Summer is likely to go down in the record books as one of the hottest and driest on record. The one event that could change that is Cyclone Oma, which is hovering in the South Pacific, about to enter the Coral Sea at time of writing. If Oma crosses the coast somewhere in QLD or gets close then we are likely to get both big surf and lots of wind and rain. If it hovers offshore or tracks parallel to the coast the big surf will come without the bad weather.
The east swell has remained pretty constant through February and as we predicted in last month’s column the nor-east wind pattern did not abate for the entire summer. That led to some pretty good waves at backbeaches, albeit crowded, but very ordinary elsewhere. Normal sand flow to the points was disrupted with the constant ENE to E swell nibbling holes in the sand that was there. Going into autumn and the banks are mostly in poor shape.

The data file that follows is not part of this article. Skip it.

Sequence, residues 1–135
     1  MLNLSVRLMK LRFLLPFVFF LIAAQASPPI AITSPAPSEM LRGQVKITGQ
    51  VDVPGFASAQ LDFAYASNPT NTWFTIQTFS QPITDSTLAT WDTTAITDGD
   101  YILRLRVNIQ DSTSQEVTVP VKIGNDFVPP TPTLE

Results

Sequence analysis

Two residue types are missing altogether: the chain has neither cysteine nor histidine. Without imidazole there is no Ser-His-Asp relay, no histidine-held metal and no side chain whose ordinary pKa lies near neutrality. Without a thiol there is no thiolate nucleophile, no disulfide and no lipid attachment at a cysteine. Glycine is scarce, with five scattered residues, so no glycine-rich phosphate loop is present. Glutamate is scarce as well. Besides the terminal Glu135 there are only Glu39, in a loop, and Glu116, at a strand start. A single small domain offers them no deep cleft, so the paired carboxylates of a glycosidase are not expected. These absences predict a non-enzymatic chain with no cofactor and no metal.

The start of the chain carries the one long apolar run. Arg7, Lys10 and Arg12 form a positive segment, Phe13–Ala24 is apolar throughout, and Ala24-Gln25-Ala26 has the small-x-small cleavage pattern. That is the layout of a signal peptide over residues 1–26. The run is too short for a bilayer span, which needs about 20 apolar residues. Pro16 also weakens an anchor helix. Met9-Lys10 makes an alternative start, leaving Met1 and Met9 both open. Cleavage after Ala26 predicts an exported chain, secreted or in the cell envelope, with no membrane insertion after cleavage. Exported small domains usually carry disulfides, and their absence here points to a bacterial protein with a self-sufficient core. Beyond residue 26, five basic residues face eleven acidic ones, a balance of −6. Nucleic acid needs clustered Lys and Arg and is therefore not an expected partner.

Two tragic events rocked the surfing and ocean user community as summer drew to a close. Ballina legend Raz, whom many would have seen over the years bodysurfing in very challenging surf went missing at sea. Raz was a true waterman, fit, experienced and knowledgeable in all conditions and his loss is grieved by all who knew him. The second tragic event was suffolk park surfer Sam Edwardes getting a leg bite from a juvenile white shark attack. This very serious injury could have had a far more tragic outcome if not for the first aid given to him by friends and onlookers. Its sad to say but every surfer in this area now needs to know and be ready to apply life-giving first aid in the event of a shark attack.
In happier news, the fishing has been consistent with big greenback tailor haunting the headlands and inshore gutters. Incoming tides at dawn and dusk have produced the best fish. Unweighted gar and poppers attract the biggest fish. Whiting and dart have also been abundant in the inshore gutters.
That’s it till next month, tight lines and tubular visions.